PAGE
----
Meredith Ries, a set designer currently in her final year
at the Yale School of Drama, is writing a multi-part series about her design process for Hamlet at the Yale Repertory Theater,
opening in the spring of 2013. This is the first installment.
Part 1: “I’m sorry, what exactly is it that you do?”
First off, I am not going to misquote Shakespeare here and say “all the world’s a stage,” because it is not. A stage, in my opinion, is an intentional space of performance. Whenever you choose to perform in a specific spot, it becomes a stage.
It can be as simple as this…
…or as involved as this:
Historically, Shakespeare's plays were written and performed on a bare stage, so the atmosphere is in the dialogue, not the stage directions. This is not true of all plays (see: Tennessee Williams).
For example, as Hamlet waits for his father’s ghost to appear he says to his companions:
The king doth wake to-night and takes his rouse,
Keeps wassail, and the swaggering up-spring reels;
And, as he drains his draughts of Rhenish down,
The Kettle-drum and trumpet thus bray out
The triumph of his pledge.
Act 1, scene 4
This is preceded by a stage direction: “A flourish of trumpets, and ordinance shot off, within.”
What’s more useful? I would argue that without the stage direction, we still know exactly what’s going on from Hamlet’s talk: Claudius is partying downstairs. We can hear it. We feel evidence of it.
While Hamlet waits in the cold for the righteous ghost of his murdered father, his murdering uncle is throwing a kegger downstairs. And that’s where I start: with the script, and with the clues in it about atmosphere, specifics, contrast, and space.
• • •
I once had a director say that you could tell the entire focus of a Shakespeare play from the first line. In Hamlet, that line is “Who’s there?”
It’s a play about haunting. There is a ghost in this play, but also a huge amount of spying, lurking, secrets. Also, obviously, it’s about a house. An old house. A house where you never know who might be in the room with you.
I generated a bunch of general visual research, some of which really stuck.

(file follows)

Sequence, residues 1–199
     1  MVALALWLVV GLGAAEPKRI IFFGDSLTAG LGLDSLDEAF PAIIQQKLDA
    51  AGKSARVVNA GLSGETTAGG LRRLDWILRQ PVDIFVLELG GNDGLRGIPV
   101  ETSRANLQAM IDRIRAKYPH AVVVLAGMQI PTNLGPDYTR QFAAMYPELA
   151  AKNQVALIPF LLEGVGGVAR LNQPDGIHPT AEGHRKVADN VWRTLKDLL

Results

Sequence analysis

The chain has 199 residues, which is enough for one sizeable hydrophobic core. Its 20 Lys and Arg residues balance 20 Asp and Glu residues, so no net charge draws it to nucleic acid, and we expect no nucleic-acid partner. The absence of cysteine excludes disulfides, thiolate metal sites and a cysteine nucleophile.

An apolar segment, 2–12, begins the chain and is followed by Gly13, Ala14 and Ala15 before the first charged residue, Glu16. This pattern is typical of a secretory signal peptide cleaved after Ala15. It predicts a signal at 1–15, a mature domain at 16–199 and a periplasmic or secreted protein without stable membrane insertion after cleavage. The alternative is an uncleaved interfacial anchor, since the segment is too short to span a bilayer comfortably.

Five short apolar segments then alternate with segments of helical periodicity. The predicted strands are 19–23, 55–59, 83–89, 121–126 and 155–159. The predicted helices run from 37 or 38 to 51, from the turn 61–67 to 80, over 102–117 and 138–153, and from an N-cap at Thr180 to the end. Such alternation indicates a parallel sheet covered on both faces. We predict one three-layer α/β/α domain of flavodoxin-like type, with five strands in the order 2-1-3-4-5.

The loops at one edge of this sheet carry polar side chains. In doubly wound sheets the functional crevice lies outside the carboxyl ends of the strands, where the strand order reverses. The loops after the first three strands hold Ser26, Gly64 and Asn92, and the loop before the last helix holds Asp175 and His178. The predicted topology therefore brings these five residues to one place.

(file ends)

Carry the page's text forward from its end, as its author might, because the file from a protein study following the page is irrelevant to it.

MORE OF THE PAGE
The Kate Peters photograph feels like someone is watching through the doorway of an old house; it suggests presence and absence. I love the casual lean of the mirror. The spookiness is not intentional, but discovered. The actor playing Hamlet looked at this image and said, “I could do ‘To be or not to be’ in this room.” Boom!
The second image is useful to me because it feels like a space that is in transition. If you think about the plot of Hamlet, he comes home from college and his uncle has married his mother and moved all his dad’s stuff around. That sucks. I made some rough drawings that were really boring, and then I started looking for an image or an inspiration that could capture the whole space, and give me the kind of basic “bare stage” of Shakespeare — a space that is evocative, yet neutral enought to be many places at once.
I have the photographer Edgar Martins’ book This is Not A House, and in it I found this image of a McMansion under construction abandoned during the housing crisis.
Something about the framing — the skeleton of a house — and the everyday, relatable materials really inspired me. So, I built myself about 100 scale stud walls and I am playing with them like legos. Next meeting, I’ll present that and see how it goes. Stay tuned!
Meredith B. Ries has worked in New York City primarily as a props master. Her props credits include The Merchant of Venice and Twelfth Night (both at the Public Theater / Shakespeare in the Park), Bloody Bloody Andrew Jackson (the Public Theater), An Oresteia (Classic Stage Company), Orpheus X, Chair (Theater for a New Audience), and In The Next Room (The Vibrator Play) (assistant props, Lincoln Center Theater). She has also worked with Second Stage Theater, Elevator Repair Service, and Target Margin Theater. Her portfolio can be found at www.meredithries.com